Meri: Thank you so much. We create a lot of patterns ourselves and have found it’s helped us to become better knitters and better at writing patterns, as well as keeping up to date with trends. It’s also really helping us in our business, not just selling yarn but also making patterns. I think that make us really unique in the market.
Ysolda: I think it does. And for this issue you asked me to write a little bit about my design process for Ishbel, which was fun because we’ve been revisiting some older patterns ourselves. It was nice to be asked to reflect on that and it got me thinking about your creative process for the magazine. Could you tell me a bit more about that creative process for you?
Meri: The first thing we do with the magazine is create a mood board, to come up with the new look and inspiration that designers can use for their own design. For this issue I started with making a concept for the theme for the magazine, which is natural wool and where it comes from. Based on that I created a mood board for the designers so either one of those always is the start. And then I spend months thinking about what we actually do, and details like which shop to feature and who to interview. And separately Tokuko is in charge of making all the patterns. We are constantly working on and thinking about the next issue. When I travel, I get new ideas and meet new people who inspire me.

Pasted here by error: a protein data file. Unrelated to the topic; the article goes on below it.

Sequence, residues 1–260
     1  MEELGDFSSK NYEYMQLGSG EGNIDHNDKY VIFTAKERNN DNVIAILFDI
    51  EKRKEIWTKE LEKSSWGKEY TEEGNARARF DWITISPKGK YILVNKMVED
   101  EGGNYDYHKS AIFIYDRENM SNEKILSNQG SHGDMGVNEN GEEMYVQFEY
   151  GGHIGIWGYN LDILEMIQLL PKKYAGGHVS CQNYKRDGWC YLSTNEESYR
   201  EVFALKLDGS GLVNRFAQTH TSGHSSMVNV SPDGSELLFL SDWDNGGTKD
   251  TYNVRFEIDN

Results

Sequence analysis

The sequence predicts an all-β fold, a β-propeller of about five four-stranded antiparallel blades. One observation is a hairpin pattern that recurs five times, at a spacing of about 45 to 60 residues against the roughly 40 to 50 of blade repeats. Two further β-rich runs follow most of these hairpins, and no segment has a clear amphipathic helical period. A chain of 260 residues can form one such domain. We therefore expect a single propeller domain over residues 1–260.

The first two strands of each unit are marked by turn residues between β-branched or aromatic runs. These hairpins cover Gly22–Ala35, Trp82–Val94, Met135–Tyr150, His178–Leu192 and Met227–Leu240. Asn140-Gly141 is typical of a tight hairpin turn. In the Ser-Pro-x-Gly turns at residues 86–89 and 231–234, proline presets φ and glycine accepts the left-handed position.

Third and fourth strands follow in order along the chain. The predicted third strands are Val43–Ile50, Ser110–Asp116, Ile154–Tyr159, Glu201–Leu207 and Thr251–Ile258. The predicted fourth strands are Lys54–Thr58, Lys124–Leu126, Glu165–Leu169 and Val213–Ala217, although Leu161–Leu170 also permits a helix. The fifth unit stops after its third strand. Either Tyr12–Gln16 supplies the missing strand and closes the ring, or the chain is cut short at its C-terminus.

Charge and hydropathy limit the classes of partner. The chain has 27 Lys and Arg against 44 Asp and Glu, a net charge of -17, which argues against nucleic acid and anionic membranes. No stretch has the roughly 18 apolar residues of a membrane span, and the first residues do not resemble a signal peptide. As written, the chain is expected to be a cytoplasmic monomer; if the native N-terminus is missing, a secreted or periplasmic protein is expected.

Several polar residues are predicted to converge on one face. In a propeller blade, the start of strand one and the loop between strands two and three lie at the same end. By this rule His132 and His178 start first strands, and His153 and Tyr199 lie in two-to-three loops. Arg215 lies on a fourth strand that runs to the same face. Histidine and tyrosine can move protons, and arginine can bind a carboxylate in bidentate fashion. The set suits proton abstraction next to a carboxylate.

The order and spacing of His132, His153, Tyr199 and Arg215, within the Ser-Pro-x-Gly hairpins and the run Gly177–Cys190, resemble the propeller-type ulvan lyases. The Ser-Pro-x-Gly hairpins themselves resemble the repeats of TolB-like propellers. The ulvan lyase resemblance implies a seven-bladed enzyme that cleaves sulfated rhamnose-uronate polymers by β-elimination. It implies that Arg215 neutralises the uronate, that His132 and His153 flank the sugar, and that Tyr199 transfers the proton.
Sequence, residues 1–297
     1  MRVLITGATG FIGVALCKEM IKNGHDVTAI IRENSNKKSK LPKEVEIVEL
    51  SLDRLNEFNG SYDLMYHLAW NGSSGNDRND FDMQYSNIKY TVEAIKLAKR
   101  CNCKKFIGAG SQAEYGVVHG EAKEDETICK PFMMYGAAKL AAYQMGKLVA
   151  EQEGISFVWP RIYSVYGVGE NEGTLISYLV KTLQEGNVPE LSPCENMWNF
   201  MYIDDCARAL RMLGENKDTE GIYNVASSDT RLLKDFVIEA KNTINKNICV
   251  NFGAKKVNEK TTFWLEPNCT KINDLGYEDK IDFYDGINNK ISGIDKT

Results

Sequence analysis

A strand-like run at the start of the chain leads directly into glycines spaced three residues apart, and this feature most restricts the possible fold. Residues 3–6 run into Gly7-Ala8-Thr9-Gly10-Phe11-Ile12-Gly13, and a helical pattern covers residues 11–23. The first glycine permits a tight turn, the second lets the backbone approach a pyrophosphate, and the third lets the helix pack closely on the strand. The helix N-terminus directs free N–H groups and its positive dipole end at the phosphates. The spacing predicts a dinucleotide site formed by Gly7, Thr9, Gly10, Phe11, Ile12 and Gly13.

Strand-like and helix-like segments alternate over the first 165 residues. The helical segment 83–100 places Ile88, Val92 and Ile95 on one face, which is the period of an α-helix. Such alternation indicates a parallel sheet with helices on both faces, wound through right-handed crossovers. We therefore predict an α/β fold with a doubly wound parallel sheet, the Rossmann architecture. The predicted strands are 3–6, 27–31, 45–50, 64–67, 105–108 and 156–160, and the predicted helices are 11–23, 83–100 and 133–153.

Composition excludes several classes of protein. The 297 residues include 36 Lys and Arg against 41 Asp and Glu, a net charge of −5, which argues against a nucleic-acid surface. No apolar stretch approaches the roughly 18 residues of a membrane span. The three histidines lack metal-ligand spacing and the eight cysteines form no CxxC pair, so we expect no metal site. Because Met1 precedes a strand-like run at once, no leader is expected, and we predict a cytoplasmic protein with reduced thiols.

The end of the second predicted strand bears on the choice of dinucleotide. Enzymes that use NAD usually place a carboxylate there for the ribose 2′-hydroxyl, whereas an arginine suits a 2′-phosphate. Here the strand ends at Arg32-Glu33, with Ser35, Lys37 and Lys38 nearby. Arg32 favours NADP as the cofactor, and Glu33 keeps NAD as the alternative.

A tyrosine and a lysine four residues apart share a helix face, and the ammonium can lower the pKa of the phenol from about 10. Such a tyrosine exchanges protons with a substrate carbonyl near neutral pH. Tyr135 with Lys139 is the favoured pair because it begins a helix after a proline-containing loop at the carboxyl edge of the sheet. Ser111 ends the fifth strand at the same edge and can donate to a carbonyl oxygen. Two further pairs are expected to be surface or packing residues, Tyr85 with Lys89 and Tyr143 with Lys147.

Ysolda: Where have you been going for inspiration right now when you can’t travel? Has that been hard? Or have you found alternative inspiration closer to home?
Meri: This past year we’ve been talking about what to do for the next issues. As travelling is difficult I think we will try to focus more on Japan and maybe revisit some of the traditional textile places. It should be really interesting.